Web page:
Feeling the Pain—Aussie Dollar Slips Below Parity

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What goes up must come down. This is finally holding true for the resilient Australian dollar that has begun to show weakness against the greenback given the latter's broad-based strength.

The Aussie dollar fell below the key $1 mark on Friday, its lowest level in almost a year, and stayed there in early Asian trade on Monday. It has shed about 2 percent of its value since last Thursday, taking its losses against the U.S. dollar so far this year to almost 4 percent.

Analysts say the strength in the greenback as the outlook for the U.S. economy improves and concerns about economic growth in China, Australia's most important trading partner, explain the change of fortunes for the Australian dollar – one of the world's best performing major currencies in recent years.

"The move in dollar/yen to 100 triggered a wave of buying in the U.S. dollar, so the sell-off in the Aussie is part of this," said Sean Callow, senior currency strategist at Westpac Bank in Sydney.

"If the U.S. dollar rallies some more, the Aussie dollar could suffer the most since it gained more than most currencies from weakness in the dollar," he added.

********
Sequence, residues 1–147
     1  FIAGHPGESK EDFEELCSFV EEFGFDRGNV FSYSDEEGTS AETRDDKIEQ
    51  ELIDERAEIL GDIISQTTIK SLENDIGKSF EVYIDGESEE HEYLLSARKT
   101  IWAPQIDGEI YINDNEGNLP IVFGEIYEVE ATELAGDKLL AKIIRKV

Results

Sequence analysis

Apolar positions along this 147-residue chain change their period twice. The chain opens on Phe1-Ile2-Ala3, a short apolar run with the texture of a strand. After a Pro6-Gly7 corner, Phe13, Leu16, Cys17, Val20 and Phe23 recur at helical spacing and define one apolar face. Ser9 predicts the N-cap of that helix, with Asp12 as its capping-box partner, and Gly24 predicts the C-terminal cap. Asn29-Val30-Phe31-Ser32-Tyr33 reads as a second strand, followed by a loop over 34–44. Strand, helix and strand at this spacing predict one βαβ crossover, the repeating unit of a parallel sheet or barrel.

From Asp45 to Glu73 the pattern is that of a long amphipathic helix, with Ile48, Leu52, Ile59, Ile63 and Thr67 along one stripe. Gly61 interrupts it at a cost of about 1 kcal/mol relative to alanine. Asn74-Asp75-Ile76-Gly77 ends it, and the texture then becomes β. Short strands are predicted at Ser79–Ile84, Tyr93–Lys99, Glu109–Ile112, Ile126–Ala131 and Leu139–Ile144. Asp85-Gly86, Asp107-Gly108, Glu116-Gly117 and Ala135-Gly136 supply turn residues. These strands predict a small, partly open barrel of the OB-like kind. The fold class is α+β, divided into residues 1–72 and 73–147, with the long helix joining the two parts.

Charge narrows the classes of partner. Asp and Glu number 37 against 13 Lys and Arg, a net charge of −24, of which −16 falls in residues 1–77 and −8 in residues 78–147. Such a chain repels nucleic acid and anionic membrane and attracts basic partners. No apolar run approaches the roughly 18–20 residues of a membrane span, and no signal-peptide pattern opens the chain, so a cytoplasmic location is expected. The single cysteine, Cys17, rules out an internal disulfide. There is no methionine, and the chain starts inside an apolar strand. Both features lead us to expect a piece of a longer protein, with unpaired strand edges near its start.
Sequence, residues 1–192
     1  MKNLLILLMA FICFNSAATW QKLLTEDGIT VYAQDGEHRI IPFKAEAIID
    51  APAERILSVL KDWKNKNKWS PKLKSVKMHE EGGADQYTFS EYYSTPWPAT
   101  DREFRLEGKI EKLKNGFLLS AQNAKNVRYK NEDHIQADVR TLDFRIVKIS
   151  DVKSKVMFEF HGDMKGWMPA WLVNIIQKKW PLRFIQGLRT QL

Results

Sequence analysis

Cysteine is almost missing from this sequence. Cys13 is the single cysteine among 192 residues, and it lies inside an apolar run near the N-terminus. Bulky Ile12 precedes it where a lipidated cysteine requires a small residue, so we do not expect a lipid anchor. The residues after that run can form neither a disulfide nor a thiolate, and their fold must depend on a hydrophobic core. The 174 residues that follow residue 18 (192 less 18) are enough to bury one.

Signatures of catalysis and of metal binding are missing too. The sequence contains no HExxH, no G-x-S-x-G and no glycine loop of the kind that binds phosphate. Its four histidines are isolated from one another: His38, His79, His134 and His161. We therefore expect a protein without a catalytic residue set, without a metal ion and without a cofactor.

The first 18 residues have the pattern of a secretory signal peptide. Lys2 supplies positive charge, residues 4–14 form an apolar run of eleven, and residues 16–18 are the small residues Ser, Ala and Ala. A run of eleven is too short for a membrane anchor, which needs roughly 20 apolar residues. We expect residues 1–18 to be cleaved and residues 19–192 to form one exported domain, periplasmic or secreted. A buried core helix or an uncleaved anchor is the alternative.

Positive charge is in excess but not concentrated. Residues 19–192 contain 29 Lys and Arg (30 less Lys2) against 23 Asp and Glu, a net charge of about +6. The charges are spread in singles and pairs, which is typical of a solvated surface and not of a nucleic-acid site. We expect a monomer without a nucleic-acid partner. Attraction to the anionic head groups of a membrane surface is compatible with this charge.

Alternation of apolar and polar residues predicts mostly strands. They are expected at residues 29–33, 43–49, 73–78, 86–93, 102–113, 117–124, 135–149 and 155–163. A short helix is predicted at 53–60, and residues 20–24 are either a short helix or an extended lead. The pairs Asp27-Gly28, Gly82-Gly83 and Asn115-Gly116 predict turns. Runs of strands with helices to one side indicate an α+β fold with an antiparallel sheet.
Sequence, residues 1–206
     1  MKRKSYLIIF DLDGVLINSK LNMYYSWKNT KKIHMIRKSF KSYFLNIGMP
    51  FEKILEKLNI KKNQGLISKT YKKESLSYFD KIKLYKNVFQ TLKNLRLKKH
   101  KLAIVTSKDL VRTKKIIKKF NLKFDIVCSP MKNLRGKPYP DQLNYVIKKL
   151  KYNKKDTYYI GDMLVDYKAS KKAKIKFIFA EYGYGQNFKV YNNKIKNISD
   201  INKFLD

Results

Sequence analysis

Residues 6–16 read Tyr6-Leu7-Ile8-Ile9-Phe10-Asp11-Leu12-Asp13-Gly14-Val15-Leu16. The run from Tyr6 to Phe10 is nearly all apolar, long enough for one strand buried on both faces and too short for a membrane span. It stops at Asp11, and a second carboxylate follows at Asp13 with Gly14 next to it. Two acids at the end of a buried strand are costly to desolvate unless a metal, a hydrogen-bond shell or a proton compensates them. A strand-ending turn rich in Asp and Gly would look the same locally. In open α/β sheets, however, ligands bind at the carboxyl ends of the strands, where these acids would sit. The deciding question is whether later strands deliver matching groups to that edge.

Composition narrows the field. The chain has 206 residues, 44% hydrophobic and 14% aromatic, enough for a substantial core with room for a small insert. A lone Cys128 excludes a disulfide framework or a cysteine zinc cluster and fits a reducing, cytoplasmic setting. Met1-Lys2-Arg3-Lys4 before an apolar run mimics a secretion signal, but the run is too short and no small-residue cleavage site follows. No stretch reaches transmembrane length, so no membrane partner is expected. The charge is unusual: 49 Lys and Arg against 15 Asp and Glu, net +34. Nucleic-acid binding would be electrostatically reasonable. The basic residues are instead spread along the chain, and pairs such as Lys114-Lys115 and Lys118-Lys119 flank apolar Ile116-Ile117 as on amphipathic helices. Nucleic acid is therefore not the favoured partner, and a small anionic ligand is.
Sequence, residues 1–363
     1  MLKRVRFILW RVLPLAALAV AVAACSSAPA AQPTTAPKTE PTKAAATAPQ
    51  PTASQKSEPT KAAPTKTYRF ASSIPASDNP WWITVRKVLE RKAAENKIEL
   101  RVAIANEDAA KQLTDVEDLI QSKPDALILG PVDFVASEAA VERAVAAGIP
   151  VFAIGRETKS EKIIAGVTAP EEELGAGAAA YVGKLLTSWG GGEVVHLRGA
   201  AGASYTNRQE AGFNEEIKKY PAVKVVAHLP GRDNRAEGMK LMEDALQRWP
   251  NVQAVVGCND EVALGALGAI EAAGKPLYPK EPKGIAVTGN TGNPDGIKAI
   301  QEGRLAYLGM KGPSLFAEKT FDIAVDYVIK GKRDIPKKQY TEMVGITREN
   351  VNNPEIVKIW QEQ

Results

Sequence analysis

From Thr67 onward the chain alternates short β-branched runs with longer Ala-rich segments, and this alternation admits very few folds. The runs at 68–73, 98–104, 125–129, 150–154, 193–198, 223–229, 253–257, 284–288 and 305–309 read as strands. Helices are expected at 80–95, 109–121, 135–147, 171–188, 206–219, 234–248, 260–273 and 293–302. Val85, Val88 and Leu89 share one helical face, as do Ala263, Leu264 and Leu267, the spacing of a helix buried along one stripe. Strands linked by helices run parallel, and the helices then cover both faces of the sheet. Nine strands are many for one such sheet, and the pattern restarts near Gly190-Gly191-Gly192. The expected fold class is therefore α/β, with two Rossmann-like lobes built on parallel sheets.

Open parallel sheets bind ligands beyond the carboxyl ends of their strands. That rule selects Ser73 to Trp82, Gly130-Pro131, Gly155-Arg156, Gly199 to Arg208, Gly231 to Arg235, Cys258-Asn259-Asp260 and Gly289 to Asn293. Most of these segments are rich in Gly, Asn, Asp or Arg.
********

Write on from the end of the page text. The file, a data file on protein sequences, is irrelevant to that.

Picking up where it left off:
Callow said the Aussie was vulnerable to further near-term weakness and expected the currency to fall to around $0.96 by June 2014, implying a decline of about 3 percent from current levels.

But despite its pull-back this year, the Aussie dollar is up some 60 percent from where it traded in early 2009 as the world emerged from the global financial crisis.

While Australia's relatively high interest rates and resilient economy have bolstered the Aussie, signs are growing that the resilient currency is falling out of favor with investors.

(Read More: Why Shorting the Aussie Is 'Trade of the Century')

Data released on Friday from the Commodity Futures Trading Commission, showed that net long positions on the Australian dollar, essentially a bet that the currency will rise, fell to $675 million in the week to May 7 to their lowest level since June last year. That was down sharply from $3.2 billion in the previous week.

A surprise quarter point rate cut from Australia's central bank and talk in markets that billionaire investor George Soros was planning to take a short position on the currency have added to the Aussie's bumpy ride over the past week.

(Read More: Soros Rumor Underpins Turning Tide Against Aussie)

"I don't think the Aussie dollar is about to collapse, but it should move back some more from here," Greg Gibbs, senior currency strategist at Royal Bank of Scotland told CNBC Asia's "Squawk Box."

Gibbs said the Aussie dollar was also proving sensitive to Chinese economic news and that data out of the world's second largest economy could prove key to the currency's near-term direction.

"I do sense that the Aussie dollar is trading as a proxy for China and investors are questioning the strength of the Chinese recovery," Gibbs said.

China's recent economic data has been mixed. Manufacturing surveys paint a sluggish outlook for economic growth although trade data last week surprised markets with a bigger-than-expected rise in exports last month.

— By CNBC.Com's Dhara Ranasinghe; Follow her on Twitter at @DharaCNBC